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More Latin for the Illiterati: A Guide to Medical, Legal and Religious Latinby Jon R. Stone
Synopses & Reviews
Scientia est potentia (knowledge is power) More Latin for the Illiterati demystifies the terminology of modern courtrooms and hospitals, untangles some of the most complex and unforgiving examples of Latin abbreviation, and allows readers to explore the classical roots of law, medicine and the ministry.
This new collection contains nearly 5000 entries devoted to law, medicine and religion, and includes phrases like: jus sibi dicere-- to take the law into one's own hands
hircosus-- smelling like a goat
opprobrium medicum the reproach of physicians]--an incurable disease
ita et viri debent diligere uxores ut corpora sua--so men ought to love their wives as their own bodies Ephesians 5:28]
ludere cum sacris--to trifle with sacred things
amicus curiae--a friend of the court
Practicing or aspiring doctors, lawyers or ministers, language-lovers, students of literature--and anybody who loved Latin for the Illiterati, will want More... This collection also makes an ideal gift.
Praise for the first Illiterati collection:
If you're a student trying to improve your vocabulary, this is a great book... For those who have forgotten their three years of parochial-school Latin, this is really great book. --Publisher's Weekly
A ready-reference dream come true...--American Libraries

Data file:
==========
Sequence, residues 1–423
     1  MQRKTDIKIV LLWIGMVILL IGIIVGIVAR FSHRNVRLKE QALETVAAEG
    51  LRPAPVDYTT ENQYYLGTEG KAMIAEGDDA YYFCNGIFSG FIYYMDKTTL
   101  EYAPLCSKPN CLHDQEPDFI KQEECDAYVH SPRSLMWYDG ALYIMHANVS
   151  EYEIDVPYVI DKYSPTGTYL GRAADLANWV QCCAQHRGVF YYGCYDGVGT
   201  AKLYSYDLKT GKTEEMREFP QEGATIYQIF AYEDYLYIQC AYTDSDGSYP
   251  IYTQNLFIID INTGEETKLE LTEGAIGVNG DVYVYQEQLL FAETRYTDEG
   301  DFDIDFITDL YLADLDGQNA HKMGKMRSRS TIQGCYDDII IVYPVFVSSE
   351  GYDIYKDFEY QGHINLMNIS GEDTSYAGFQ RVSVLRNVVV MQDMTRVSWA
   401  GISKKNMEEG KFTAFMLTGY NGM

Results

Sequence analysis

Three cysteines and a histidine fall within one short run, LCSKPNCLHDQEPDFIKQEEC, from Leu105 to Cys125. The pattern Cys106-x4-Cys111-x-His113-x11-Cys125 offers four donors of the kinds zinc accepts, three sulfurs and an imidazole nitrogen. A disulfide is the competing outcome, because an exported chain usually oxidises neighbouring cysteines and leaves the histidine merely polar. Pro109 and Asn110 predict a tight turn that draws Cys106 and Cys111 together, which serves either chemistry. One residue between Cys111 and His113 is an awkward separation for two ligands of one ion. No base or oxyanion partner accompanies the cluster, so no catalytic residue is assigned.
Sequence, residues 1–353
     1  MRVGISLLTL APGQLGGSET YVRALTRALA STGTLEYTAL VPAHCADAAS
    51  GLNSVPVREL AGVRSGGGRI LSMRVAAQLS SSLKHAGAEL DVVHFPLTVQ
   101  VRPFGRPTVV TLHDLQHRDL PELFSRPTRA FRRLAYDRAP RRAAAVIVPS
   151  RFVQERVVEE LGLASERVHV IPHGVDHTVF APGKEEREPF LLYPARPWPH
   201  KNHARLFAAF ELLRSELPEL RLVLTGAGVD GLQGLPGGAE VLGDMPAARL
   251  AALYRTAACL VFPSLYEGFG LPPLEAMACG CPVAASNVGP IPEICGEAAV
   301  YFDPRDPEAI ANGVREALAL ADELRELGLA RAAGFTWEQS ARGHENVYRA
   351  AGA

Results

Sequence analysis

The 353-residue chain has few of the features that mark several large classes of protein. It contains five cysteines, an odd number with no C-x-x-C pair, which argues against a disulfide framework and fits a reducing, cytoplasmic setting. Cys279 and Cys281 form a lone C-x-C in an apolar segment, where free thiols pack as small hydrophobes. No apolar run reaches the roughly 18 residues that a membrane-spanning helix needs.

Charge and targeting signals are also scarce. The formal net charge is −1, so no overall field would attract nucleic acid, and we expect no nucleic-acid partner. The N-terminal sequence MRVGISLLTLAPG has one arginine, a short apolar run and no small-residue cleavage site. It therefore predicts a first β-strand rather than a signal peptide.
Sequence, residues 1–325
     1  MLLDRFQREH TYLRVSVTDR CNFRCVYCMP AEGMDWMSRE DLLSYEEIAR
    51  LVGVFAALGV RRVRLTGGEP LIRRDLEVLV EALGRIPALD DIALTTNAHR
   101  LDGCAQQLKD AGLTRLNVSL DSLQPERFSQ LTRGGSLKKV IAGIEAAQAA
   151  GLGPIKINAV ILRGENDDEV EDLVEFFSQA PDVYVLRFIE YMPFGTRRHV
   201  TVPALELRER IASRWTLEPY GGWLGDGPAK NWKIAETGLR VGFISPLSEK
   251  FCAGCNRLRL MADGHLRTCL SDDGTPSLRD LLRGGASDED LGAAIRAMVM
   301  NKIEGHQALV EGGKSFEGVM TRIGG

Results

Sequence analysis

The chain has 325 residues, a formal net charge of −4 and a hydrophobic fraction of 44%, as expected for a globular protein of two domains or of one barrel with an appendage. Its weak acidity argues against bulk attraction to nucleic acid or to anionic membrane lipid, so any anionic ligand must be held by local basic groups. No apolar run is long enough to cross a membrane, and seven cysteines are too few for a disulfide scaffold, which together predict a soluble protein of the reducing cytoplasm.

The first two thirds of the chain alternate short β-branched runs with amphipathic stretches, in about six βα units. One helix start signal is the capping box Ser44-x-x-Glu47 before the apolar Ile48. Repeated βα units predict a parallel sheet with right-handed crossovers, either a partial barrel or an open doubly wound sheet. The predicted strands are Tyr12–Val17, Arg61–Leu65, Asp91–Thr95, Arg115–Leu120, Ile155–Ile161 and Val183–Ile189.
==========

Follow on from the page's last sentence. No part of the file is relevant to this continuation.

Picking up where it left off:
Also of interest: Latin for the Illiterati: Exorcizing the Ghosts of a Dead
Book News Annotation:
A principio (from the beginning) this codex (book) is ad captum vulgi (easily understood). Stone's (interdisciplinary studies, UC Berkeley) companion piece to Latin for the Illiterati is a guide for the average person interested in understanding the origin of many terms we commonly use each day with a focus on three areas of most common usage: legal, medical, and religious. Organized into three sections, Latin entries are arranged alphabetically; and the book includes an English to Latin index and an index of Latin abbreviations.
Annotation c. Book News, Inc., Portland, OR (booknews.com)
This text aims to demystify the terminology of modern courtrooms and hospitals, untangle some of the most complex examples of Latin abbreviation, and allow readers to explore the classical roots of law, medicine and the ministry. It contains nearly 5000 entries.
Stone demystifies the terminology of modern courtrooms and hospitals, untangles some of the most complex and unforgiving examples of Latin abbreviations, and allows readers to explore the classical roots of law, medicine and religion.
Includes bibliographical references (p. xiii-viv) and index.
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